Now, I suspect that some of you who have worked in the nonprofit sector or philanthropy might be guffawing at the notion of a theory of change as an innovation, because it is a “tried and true” methodology that is widely used in your fields and it has been around since at least the 1990s.
However, innovation is often relative.
The PLUS program had been operating for over a decade, however prior to developing their theory of change, it had never fully articulated its outcomes, methodology, curriculum, and interventions, or the assumptions that underpinned all their work.
My work with the PLUS staff team was advisory, as I am not an evaluation expert, but have managed evaluations for programs I directed in the past. So, during the first half of 2018, I met with the PLUS staff every few weeks, shared some relevant resources on developing a theory of change, outlined a process by which they could design a TOC for their work, provided feedback on drafts and answered questions, and – excitingly – helped to incorporate the feedback they received on the TOC from community partners, residents, and faculty.
The PLUS staff did the heavy lifting, spending lots of time between our check-ins developing the theory of change, meeting with program contributors to get their feedback, and then prioritizing and translating the pieces of the TOC into survey questions so they could gather feedback, learn, and improve.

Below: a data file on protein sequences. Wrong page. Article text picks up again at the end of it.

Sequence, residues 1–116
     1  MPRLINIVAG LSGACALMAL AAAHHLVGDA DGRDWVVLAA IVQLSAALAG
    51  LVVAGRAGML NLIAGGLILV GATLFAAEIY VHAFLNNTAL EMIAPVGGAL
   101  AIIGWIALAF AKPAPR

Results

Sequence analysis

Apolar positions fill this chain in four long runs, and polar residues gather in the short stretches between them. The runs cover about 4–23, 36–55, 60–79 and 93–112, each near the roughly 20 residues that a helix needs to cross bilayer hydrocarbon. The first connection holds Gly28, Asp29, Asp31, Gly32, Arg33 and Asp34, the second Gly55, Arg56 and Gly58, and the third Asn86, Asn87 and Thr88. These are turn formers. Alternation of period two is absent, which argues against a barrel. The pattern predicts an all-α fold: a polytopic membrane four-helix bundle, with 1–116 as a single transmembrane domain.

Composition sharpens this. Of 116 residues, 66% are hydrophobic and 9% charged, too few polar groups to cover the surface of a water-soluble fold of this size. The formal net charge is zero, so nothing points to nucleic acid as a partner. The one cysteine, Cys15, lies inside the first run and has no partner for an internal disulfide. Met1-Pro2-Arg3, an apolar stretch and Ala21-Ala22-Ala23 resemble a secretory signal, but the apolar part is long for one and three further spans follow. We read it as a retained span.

It’s a credit to PLUS’s staff that they recognized there would be great value in developing a theory of change, even though it is not their area of expertise (and they hadn’t seen it done among their peers). As we dug further into the process, the staff recognized that it could be used to:
- promote a shared understanding among the stakeholders involved of the whole program and their contribution to it,
- engage new community partners and funders in their work,
- provide a foundation for evaluating and continuously improving the effectiveness of the PLUS program’s assumptions and interventions, and
- share their methodology with other medical education institutions as a strategy to expand the infrastructure training medical residents as health equity leaders.
As a result of this work, PLUS’s Director, Dr. Jyothi Marbin has become a wonderful evangelist for the power of a theory of change. She’s been urging her colleagues who run different medical education programs that they should develop them too. And when she recently presented a draft of the PLUS TOC to her colleagues for feedback, one faculty member encouraged her to write and publish about the process of developing the TOC (which is academic speak for – this is important, useful, and innovative)!
While for me, developing a theory of change seemed like a common approach because of my experiences in the nonprofit and philanthropic worlds, in the world of medical education, it is an innovation. And what I love about that, is through my work with the PLUS staff, the process not only opened them up to some new understanding and possibilities, it did for me too!